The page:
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The Late Show with Stephen Colbert
Photograph by Scott Kowalchyk—Getty/CBS

Here's How Stephen Colbert Stays Hopeful When He's Relentlessly Mocking Trump

Aug 17, 2017

Stephen Colbert wants to keep his optimism.

Stephen Colbert sat down with the Los Angeles Times for a wide-ranging interview that covered everything from Lord of the Rings author J.R.R. Tolkien to French philosopher Léon Bloy and, of course, President Donald Trump.

Trump’s time in office has been a whirlwind, and it turns out it’s hard for late-night comedy writers to keep up with the rapid-fire news cycle. “We add new material between 4:45 and 5:15 almost every night,” said Colbert about the show, which tapes around 5:30 p.m. ET. “We don’t want to wait until tomorrow.”

The endless cycle, though, makes it hard not to get jaded, which Colbert recognized. “Cynicism is an enormous problem,” he said. “I’m actually a hopeful person. But the way to stay hopeful is to acknowledge and to not accept what is absolutely amoral, mentally ill behavior as normal.”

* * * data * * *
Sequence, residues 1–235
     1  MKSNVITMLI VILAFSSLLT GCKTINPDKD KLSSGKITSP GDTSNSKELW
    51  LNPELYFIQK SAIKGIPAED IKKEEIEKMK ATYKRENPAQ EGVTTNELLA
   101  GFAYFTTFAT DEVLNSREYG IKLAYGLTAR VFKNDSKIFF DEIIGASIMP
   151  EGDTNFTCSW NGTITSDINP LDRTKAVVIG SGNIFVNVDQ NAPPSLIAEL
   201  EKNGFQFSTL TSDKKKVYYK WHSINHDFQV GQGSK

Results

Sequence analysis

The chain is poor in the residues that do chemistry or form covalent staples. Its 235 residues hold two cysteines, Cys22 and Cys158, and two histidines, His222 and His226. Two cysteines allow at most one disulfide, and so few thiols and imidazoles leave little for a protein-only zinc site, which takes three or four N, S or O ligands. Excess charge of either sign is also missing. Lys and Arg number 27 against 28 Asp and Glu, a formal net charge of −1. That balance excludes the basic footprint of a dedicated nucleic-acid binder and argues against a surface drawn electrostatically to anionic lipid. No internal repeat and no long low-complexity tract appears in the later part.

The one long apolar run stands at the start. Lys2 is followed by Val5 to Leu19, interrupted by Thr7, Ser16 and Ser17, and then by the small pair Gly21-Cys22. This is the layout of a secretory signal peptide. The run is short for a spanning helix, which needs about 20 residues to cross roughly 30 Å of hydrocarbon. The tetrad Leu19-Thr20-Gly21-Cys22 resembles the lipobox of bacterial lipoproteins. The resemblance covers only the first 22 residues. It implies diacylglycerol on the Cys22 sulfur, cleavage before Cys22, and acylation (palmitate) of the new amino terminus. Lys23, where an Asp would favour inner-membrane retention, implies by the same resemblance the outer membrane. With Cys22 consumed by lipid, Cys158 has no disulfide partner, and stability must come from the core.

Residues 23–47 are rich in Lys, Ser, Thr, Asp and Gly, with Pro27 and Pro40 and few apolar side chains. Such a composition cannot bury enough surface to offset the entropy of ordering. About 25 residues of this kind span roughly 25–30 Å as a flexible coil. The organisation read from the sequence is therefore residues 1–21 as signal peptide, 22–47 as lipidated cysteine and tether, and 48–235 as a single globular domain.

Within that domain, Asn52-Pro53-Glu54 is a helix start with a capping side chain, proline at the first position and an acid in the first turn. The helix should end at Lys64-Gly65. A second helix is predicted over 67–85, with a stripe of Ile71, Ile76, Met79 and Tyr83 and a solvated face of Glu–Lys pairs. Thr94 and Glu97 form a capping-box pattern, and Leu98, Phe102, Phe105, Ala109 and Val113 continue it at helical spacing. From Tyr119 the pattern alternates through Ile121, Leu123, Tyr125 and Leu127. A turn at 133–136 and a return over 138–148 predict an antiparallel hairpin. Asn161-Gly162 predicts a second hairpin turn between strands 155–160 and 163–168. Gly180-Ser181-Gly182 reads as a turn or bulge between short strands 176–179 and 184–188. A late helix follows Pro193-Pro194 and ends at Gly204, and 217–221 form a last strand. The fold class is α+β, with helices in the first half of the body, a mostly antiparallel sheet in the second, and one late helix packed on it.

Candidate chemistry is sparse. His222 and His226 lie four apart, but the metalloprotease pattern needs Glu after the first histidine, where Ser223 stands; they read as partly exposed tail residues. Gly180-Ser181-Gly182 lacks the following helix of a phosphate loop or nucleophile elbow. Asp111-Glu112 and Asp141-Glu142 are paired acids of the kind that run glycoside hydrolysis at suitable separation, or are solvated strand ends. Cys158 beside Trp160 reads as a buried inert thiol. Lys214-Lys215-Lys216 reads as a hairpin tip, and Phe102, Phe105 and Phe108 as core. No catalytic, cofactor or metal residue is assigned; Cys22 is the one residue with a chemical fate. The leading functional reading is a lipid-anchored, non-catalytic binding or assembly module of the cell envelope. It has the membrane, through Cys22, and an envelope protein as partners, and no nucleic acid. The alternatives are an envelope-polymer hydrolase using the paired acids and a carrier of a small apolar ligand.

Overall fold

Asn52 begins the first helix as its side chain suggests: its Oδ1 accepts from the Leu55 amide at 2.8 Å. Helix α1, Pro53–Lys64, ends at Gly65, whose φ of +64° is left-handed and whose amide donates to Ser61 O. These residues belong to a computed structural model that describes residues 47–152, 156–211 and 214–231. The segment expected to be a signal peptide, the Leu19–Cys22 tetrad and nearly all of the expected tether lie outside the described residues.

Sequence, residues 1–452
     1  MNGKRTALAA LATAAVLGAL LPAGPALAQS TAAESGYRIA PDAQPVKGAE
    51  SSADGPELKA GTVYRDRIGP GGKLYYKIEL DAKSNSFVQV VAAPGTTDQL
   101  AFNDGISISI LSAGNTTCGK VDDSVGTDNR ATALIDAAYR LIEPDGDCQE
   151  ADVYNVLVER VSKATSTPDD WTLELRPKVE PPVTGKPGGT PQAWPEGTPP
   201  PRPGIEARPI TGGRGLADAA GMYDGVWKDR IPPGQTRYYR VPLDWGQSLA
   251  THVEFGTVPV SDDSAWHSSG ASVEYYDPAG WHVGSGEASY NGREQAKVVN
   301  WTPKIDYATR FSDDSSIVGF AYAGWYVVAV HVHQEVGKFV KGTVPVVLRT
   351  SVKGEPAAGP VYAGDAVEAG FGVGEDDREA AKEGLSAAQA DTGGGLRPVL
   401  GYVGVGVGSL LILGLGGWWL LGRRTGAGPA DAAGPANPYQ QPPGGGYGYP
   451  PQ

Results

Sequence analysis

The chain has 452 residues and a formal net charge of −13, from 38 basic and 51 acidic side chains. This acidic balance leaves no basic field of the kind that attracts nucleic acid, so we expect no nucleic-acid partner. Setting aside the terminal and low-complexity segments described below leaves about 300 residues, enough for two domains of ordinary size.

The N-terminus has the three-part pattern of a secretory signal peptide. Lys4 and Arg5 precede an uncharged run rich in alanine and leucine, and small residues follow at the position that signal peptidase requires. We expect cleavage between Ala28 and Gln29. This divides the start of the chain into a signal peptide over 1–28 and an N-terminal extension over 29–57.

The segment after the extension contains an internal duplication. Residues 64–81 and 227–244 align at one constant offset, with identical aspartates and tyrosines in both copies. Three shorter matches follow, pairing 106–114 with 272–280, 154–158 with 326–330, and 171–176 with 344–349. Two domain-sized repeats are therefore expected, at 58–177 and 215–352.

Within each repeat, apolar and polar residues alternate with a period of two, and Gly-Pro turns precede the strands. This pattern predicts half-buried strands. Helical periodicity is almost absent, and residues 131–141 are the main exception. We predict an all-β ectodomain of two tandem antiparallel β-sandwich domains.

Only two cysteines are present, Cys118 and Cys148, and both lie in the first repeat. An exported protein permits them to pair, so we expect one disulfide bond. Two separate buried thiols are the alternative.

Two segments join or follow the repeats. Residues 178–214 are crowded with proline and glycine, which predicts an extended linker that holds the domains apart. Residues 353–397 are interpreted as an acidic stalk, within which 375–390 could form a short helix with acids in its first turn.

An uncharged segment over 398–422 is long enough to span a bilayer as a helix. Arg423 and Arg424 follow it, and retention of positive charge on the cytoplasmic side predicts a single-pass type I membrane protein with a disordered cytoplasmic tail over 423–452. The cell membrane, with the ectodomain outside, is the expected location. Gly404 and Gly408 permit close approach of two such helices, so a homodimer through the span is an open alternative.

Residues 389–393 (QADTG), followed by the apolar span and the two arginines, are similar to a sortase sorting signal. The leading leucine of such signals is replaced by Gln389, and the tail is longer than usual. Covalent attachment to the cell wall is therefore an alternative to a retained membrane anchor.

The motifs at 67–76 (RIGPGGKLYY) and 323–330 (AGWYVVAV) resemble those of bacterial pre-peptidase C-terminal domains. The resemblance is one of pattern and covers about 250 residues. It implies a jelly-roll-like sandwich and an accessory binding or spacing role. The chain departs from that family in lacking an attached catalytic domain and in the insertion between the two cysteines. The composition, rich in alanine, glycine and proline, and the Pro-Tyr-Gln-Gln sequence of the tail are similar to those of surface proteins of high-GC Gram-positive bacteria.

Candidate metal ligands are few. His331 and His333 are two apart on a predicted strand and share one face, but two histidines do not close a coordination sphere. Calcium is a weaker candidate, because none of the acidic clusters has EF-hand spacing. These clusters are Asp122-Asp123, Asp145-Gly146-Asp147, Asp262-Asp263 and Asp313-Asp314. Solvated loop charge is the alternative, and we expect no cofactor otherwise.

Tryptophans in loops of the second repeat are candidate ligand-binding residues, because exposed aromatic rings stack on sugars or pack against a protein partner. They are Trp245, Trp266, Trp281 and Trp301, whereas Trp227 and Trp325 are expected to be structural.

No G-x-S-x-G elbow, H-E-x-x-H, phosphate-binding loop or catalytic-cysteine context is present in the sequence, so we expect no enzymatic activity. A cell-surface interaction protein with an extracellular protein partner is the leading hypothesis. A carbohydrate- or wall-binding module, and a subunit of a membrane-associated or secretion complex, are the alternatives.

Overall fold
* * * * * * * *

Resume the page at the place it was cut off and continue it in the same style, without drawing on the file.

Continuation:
Colbert has found it difficult to avoid getting emotional about Trump’s statements and actions, for instance when the President spoke to the Boy Scout Jamboree. “To get children to boo and hoot,” said Colbert before quoting the Bible. “There’s a moral heresy involved with the President getting children to engage in his own behavior.”

Colbert, though, says he is aware that as the host of The Late Show, he’s not supposed to lecture the audience. “The times you see me being my harshest or scolding, I promise you, that’s not what we wrote. I just get swept up in the emotion of the moment while I’m talking about it,” he said. He can’t always help it, though. For instance, when he uttered a vulgar Putin-Trump joke that faced backlash. “That would be an example of perhaps letting my emotions get the best of me,” he told the Times. Trump responded to the comment by calling Colbert a “no-talent guy,” which he took in stride.

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